What is a Bankruptcy Insider in Arizona?

Bankruptcy Court can shed light on a variety of different creditor tactics. Notably, Arizona frequently has to face the issue of insider creditors and friendly creditors. Many people, especially when facing hard financial times, would rather borrow money from a family member or friend than take another cash advance on a credit card. So, what happens when you’re filing for bankruptcy? How will your friend or family member receive payment from what you borrowed?

Creditors in Arizona’s Bankruptcy Court frequently try to turn down the importance of an Insider creditor or friendly creditor. Many people try to pay off these private loans, knowing that the unsecured claim may leave this friend or family member out of the bankruptcy process. Here is what it means to pay in Insider either while you’re planning to file for bankruptcy, or even if you’ve had an ongoing payment plan.

Why Shouldn’t You Pay an Insider Within the Year of Filing

Inside creditors typically refer to unsecured loans, but many people can establish the correct documentation to uphold a person-to-person loan. Even with proper documentation, if you know and have a close relationship with this person, they’re still an inside creditor.

For example, if you took a $3,000 loan from a close family friend who is a business owner, they may have gone through the extent of putting together a contract for the loan and repayment terms. That doesn’t change the fact that you received that alone because of that relationship. If you continue to make payments, they are known as preferential payments and can result in legal trouble, not for you but for the person you’re paying.

What are “Preference” Payments

When it comes to a bankruptcy filing, the bankruptcy court itself is required to treat each creditor equally. That means that if you have a bank loan and that with Capital One, the bank is not prioritized over the credit card provider. The idea of this is to reduce the likelihood of preferential payments.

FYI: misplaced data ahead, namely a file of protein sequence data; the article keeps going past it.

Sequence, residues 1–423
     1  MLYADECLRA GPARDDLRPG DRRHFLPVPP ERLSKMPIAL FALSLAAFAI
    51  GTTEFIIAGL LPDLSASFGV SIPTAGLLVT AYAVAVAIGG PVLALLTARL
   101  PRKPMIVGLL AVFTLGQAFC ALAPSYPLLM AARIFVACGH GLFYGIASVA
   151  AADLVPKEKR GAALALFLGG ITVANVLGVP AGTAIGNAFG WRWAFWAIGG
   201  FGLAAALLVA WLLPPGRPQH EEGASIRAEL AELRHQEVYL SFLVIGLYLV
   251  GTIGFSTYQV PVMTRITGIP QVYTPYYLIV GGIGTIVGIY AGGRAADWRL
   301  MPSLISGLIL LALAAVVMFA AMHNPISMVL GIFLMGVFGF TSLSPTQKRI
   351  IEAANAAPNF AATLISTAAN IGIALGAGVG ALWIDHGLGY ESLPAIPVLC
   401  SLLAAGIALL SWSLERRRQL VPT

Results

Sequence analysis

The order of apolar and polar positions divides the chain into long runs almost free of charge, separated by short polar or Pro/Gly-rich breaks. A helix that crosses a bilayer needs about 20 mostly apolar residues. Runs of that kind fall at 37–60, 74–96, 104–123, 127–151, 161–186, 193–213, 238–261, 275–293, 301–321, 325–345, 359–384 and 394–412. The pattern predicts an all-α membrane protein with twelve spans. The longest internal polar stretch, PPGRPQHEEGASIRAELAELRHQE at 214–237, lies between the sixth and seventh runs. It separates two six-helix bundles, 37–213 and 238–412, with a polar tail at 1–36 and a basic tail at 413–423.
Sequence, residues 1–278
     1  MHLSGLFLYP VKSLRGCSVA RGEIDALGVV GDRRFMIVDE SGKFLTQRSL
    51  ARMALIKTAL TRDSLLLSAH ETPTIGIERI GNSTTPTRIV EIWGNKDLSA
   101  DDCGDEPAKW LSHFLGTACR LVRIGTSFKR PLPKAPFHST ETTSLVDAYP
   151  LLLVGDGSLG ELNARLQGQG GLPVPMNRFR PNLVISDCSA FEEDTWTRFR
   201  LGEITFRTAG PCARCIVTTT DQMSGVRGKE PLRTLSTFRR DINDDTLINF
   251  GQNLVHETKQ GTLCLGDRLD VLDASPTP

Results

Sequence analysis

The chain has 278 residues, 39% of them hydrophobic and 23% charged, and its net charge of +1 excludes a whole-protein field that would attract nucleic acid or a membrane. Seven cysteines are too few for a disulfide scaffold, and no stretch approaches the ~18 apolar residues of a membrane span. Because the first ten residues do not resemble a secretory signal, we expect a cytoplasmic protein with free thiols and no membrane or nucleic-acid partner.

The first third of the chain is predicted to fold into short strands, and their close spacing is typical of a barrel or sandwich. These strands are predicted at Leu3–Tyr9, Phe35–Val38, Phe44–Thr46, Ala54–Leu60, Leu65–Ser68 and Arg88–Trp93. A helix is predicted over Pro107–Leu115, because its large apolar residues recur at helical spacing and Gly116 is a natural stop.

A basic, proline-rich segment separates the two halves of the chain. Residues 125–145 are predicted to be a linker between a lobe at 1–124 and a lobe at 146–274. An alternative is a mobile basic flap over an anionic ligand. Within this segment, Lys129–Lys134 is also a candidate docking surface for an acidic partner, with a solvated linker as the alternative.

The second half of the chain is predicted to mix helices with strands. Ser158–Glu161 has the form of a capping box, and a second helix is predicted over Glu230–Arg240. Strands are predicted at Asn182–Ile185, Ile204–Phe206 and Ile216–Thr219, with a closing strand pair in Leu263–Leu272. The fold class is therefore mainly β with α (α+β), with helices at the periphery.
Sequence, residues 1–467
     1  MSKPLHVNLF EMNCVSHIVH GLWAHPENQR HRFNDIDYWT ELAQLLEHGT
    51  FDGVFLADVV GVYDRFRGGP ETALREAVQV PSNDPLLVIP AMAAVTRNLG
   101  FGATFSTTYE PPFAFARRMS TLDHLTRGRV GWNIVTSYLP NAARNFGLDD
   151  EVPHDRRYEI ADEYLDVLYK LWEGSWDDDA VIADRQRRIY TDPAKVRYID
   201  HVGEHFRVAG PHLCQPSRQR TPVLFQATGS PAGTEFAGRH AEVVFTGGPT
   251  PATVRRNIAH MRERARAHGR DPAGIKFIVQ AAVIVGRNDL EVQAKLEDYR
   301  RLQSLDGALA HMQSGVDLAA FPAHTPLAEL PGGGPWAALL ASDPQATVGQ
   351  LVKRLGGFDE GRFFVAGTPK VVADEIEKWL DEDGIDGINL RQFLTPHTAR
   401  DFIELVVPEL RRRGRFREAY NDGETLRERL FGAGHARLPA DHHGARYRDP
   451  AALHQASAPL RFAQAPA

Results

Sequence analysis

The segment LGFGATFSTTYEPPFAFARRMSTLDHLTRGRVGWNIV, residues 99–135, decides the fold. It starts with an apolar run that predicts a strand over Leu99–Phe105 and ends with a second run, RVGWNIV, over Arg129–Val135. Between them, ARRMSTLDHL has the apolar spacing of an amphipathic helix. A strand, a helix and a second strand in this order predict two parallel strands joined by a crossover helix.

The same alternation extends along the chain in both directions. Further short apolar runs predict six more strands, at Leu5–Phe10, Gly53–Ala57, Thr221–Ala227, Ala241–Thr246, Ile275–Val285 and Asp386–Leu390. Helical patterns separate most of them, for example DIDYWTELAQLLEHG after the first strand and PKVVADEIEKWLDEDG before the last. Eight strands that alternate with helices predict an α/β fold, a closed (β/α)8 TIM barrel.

Suppose you make a preferential payment to an unsecured creditor, such as a family member or friend. In that case, it is possible for the bankruptcy estate to go to that person and attempt to recover those payments. The bankruptcy court can do this because the payment itself was preferential, and it was made to an inside creditor.

Make Plans for Paying Back Family Members

If you want to make plans to pay back family members, you should discuss those plans with your Arizona bankruptcy attorney. It is possible that making payments in the year leading up to filing for bankruptcy could put that loved one in an illegally compromised position. It’s also possible that this type of preference payment planning could negatively impact your bankruptcy filing.

To learn more about plans on paying unsecured loans, especially to those who are important to you, speak with your attorney. Historically, Arizona courts have favored the person-to-person element that comes up during bankruptcy. But, just because one case decided that it wasn’t bad faith to be friendly does not mean that it’s going to work out well in your case. Arizona bankruptcy attorneys know that every filing is unique, so speak with them directly.